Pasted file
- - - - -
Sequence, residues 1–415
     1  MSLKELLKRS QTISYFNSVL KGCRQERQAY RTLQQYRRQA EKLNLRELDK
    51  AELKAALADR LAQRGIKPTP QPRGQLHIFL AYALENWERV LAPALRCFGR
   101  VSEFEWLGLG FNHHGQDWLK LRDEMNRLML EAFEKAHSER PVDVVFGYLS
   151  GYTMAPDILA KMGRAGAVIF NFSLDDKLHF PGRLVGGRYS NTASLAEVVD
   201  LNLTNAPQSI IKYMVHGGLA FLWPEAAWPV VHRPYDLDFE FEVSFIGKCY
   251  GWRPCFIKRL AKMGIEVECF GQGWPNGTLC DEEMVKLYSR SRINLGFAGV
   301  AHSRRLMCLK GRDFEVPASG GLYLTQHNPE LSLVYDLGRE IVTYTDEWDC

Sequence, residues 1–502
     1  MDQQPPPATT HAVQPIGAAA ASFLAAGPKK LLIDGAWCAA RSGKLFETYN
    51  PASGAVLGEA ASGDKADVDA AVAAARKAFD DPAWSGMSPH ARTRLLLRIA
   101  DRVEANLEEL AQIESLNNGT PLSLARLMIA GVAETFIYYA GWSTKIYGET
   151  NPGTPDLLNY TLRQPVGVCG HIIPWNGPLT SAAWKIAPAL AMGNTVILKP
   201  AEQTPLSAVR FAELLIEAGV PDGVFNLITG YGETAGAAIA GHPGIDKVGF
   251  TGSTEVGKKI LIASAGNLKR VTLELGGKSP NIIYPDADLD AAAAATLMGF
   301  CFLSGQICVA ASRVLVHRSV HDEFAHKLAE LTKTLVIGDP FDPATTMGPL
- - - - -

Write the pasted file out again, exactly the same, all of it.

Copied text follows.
Sequence, residues 1–415
     1  MSLKELLKRS QTISYFNSVL KGCRQERQAY RTLQQYRRQA EKLNLRELDK
    51  AELKAALADR LAQRGIKPTP QPRGQLHIFL AYALENWERV LAPALRCFGR
   101  VSEFEWLGLG FNHHGQDWLK LRDEMNRLML EAFEKAHSER PVDVVFGYLS
   151  GYTMAPDILA KMGRAGAVIF NFSLDDKLHF PGRLVGGRYS NTASLAEVVD
   201  LNLTNAPQSI IKYMVHGGLA FLWPEAAWPV VHRPYDLDFE FEVSFIGKCY
   251  GWRPCFIKRL AKMGIEVECF GQGWPNGTLC DEEMVKLYSR SRINLGFAGV
   301  AHSRRLMCLK GRDFEVPASG GLYLTQHNPE LSLVYDLGRE IVTYTDEWDC

Sequence, residues 1–502
     1  MDQQPPPATT HAVQPIGAAA ASFLAAGPKK LLIDGAWCAA RSGKLFETYN
    51  PASGAVLGEA ASGDKADVDA AVAAARKAFD DPAWSGMSPH ARTRLLLRIA
   101  DRVEANLEEL AQIESLNNGT PLSLARLMIA GVAETFIYYA GWSTKIYGET
   151  NPGTPDLLNY TLRQPVGVCG HIIPWNGPLT SAAWKIAPAL AMGNTVILKP
   201  AEQTPLSAVR FAELLIEAGV PDGVFNLITG YGETAGAAIA GHPGIDKVGF
   251  TGSTEVGKKI LIASAGNLKR VTLELGGKSP NIIYPDADLD AAAAATLMGF
   301  CFLSGQICVA ASRVLVHRSV HDEFAHKLAE LTKTLVIGDP FDPATTMGPL